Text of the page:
Oxygenation Threshold Derived from Near-Infrared Spectroscopy: Reliability and Its Relationship with the First Ventilatory Threshold: reliability and Its relationship with the first ventilatory threshold

S. van der Zwaard, R.T. Jaspers, I.J. Blokland, C. Achterberg, J.M. Visser, A.R. den Uil, M.J. Hofmijster, K. Levels, D.A. Noordhof, A. de Haan, J.J. de Koning, W.J. van der Laarse, C.J. de Ruiter

Research output: Contribution to journalArticleAcademicpeer-review

45 Citations (Scopus)


Near-infrared spectroscopy (NIRS) measurements of oxygenation reflect O2 delivery and utilization in exercising muscle and may improve detection of a critical exercise threshold.

First, to detect an oxygenation breakpoint (Δ[O2HbMb-HHbMb]-BP) and compare this breakpoint to ventilatory thresholds during a maximal incremental test across sexes and training status. Second, to assess reproducibility of NIRS signals and exercise thresholds and investigate confounding effects of adipose tissue thickness on NIRS measurements.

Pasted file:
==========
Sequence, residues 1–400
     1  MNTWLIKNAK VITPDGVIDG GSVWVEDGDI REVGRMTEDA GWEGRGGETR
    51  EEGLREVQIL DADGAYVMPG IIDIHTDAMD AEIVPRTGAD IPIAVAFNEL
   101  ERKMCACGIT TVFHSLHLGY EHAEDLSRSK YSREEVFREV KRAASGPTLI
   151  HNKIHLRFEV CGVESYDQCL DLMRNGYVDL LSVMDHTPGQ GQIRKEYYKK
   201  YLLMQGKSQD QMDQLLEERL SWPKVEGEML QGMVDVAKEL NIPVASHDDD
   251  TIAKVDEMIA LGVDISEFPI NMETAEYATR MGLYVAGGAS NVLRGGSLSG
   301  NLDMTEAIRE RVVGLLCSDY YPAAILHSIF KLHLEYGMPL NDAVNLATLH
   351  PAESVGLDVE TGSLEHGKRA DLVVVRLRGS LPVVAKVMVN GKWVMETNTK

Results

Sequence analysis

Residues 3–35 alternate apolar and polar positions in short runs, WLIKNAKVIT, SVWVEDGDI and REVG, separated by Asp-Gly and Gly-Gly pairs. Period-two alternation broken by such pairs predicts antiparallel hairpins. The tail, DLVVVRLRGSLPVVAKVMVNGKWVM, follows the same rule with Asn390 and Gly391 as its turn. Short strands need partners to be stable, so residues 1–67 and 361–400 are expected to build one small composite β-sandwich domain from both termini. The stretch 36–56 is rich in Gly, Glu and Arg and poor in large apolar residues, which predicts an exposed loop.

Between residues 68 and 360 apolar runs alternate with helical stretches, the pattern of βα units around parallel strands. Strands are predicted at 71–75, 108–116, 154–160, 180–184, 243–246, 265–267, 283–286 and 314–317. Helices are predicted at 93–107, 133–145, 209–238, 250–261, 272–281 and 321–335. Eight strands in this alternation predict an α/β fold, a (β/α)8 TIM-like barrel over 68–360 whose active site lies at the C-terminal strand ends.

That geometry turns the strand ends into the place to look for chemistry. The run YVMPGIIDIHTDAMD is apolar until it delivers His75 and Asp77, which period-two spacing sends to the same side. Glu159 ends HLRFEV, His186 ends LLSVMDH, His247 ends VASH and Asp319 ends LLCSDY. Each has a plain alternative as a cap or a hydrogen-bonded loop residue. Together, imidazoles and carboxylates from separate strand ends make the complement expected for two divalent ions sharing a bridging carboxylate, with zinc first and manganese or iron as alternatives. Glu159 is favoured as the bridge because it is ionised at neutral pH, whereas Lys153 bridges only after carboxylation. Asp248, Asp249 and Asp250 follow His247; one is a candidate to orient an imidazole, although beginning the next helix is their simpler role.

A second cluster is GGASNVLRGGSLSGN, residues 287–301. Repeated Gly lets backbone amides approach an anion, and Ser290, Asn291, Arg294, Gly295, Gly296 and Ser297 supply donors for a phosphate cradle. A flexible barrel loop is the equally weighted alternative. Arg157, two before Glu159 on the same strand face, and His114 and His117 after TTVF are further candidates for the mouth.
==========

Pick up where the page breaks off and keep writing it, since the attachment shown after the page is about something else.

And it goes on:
Forty subjects (10 trained male cyclists, 10 trained female cyclists, 11 endurance trained males and 9 recreationally trained males) performed maximal incremental cycling exercise to determine Δ[O2HbMb-HHbMb]-BP and ventilatory thresholds (VT1 and VT2). Muscle haemoglobin and myoglobin O2 oxygenation ([HHbMb], [O2HbMb], SmO2) was determined in m. vastus lateralis. Δ[O2HbMb-HHbMb]-BP was determined by double linear regression. Trained cyclists performed the maximal incremental test twice to assess reproducibility. Adipose tissue thickness (ATT) was determined by skinfold measurements.

Δ[O2HbMb-HHbMb]-BP was not different from VT1, but only moderately related (r = 0.58–0.63, p
Although the oxygenation threshold is reproducible and potentially a suitable exercise threshold, VT1 discriminates better across sexes and training status during maximal stepwise incremental exercise. Continuous-wave NIRS measurements are reproducible, but strongly affected by adipose tissue thickness.
Original languageEnglish
Article numbere0162914
Pages (from-to)e0162914
Number of pages16
Issue number9
Early online date15 Sept 2016
Publication statusPublished - 15 Sept 2016


  • Journal Article

Cite this